Friday, October 14, 2011

Yellow-billed Cuckoo

By comparison to the previous days of wind and drizzle, yesterday was a great day for birding.  The sun was out the winds were down and I was off in search of the Rose-breasted Grosbeak that I have never seen before.

The day was looking promising as I saw several birds flying high and in the distance.  At least the birds were moving.  On my drive up Blackhead Road I had the windows down listening for birds.
As I neared the turnoff to Maddox Cove, I actually did hear a number of birds. I knew there were Robins among the sounds but there seemed to be something else.  I found a safe place to pull off the road and began my walk back to the spot.  A number of American Robins begin to stir, some flew off and some sat atop the trees. I stopped and listened. I didn't hear the same sound that I heard when driving.
I paused and did some soft pishing to see if anything might show up, maybe a Rose-breasted Grosbeak. As I scanned the woods I was shocked to see the startling white breast of a Yellow-billed Cuckoo. This was a first for me.  I took a record shot or two and then began to work my way closer to this great bird. I couldn't believe my luck.
The Yellow-billed Cuckoo is so different from birds that we typically see in Newfoundland. Its brilliant white breast, it strong, curved, mostly yellow beak, the very long spotted tail and its sheer size is so striking. It was very calm and stayed in sight for the fifteen minutes that I was there.
 I really struggled with camera settings in an effort to get a good picture of this visitor. At times it was in the sun, then it wasn't. At times it was in the open and then it wasn't it. Added to all of this activity, I was trying so hard and working against time because you never know when the bird will just lift off and disappear.  This one didn't, and I didn't want to disturb it in the hopes that others would be able to see it. It was there when I left. I tried to call in the sighting as I would have stayed with the bird until someone else arrived but I couldn't get a signal.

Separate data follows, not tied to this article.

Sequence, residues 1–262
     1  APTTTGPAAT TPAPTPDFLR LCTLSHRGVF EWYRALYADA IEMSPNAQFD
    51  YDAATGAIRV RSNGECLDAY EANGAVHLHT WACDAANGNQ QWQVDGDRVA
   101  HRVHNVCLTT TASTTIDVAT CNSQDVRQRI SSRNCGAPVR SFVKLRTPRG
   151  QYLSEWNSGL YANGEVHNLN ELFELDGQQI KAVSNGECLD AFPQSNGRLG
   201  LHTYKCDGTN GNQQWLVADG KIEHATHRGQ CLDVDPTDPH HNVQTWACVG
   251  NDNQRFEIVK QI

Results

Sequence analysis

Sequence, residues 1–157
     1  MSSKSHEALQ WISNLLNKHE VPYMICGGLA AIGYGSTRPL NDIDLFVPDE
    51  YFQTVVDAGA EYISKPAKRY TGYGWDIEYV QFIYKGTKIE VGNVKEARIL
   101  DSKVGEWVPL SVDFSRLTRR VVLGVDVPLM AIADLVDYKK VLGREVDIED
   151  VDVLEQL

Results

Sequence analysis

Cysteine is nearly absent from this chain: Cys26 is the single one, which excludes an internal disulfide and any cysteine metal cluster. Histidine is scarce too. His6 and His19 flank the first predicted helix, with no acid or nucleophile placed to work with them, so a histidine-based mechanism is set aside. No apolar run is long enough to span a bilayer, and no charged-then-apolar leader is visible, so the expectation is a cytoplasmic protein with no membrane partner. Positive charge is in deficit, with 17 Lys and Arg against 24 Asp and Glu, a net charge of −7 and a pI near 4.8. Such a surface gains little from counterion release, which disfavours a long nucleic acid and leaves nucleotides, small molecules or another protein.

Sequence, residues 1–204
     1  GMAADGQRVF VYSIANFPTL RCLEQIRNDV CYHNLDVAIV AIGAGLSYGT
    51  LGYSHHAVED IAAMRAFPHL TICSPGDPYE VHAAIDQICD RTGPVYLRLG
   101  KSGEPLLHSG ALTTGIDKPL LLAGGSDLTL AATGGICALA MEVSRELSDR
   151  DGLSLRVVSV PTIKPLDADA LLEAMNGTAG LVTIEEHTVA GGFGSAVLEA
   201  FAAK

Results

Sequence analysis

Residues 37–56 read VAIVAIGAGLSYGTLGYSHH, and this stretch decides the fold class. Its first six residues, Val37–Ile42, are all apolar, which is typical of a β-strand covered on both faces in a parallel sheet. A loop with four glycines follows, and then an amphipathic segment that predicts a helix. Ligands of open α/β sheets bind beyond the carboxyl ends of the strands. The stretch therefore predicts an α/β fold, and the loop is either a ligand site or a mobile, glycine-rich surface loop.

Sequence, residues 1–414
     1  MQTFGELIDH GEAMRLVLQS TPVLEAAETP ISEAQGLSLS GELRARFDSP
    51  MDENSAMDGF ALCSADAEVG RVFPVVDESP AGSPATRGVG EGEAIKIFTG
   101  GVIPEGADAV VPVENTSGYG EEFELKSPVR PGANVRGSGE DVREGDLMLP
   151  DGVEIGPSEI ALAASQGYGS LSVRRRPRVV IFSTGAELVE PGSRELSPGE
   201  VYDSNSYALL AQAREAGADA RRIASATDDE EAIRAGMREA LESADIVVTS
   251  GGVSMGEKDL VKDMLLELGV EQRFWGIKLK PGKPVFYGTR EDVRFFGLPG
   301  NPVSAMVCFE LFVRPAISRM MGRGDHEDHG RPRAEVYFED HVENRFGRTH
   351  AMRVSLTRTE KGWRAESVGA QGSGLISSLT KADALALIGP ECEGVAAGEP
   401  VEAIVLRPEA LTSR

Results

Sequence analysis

Central New Brunswick is the closest breeding range for this bird. With the winds that we have had several Yellow-billed Cuckoos have made their way to our island.  At least seven have been reported on the Avalon. Honestly, I really didn't think I would see one and this was such serendipity.
Once I saw this bird I already considered my birding trip to be a success and I didn't think I would see anything else special.  I continued to  the location where the RB Grosbeak had been sighted.  Before I could get there, a large brown bird flushed up from the side of the road and flew in front of me.  I pulled off the road and scanned the woods hoping to see what it was.  I waited for about five minutes when I heard a Quad coming down a driveway. Then, a large owl, probably a Great-horned Owl flew out in front of the machine and right in front of my car. Wow! That was a first.  The hunter told me that he sees lots of those birds on the trail when moose hunting. I tried to get a good look at it but, judging from the crow's racket it was too deep in the woods for me to reach.
Well, two great events in one day!  I arrived at the playground where the grosbeak has been spotted. Just as I got there I saw a number of birds flying overhead.  Among them was a group of swallows. My only real experience with swallows has been the Tree Swallow so I assumed that is what they were.  I tried to get pictures but I didn't think that I did.

When I downloaded my images onto my computer, I found that I had one very grainy picture of one of the swallows.  Jared Clarke had suggested that the swallows most likely to appear at this time and location were Cliff Swallows.

I began to look at the guide and compare it with my poor shot and indeed, it is a Cliff Swallow and I have yet another new bird for my day.

I waited at the playground for a while where I saw several Baltimore Orioles fly over.  Two landed atop a tree and another flew down in the alders in the playground.  A Sharp-shinned Hawk scattered all of the little birds for a while but they did come back.  In flew a bird that was a possible for the Rose-breasted Grosbeak.  I started taking pictures right away but it turned out to be a false alarm, a female Purple Finch.
For a half day of birding in a stretch of less than five kms, I had quite a morning of enjoyment and learning.

No comments:

Post a Comment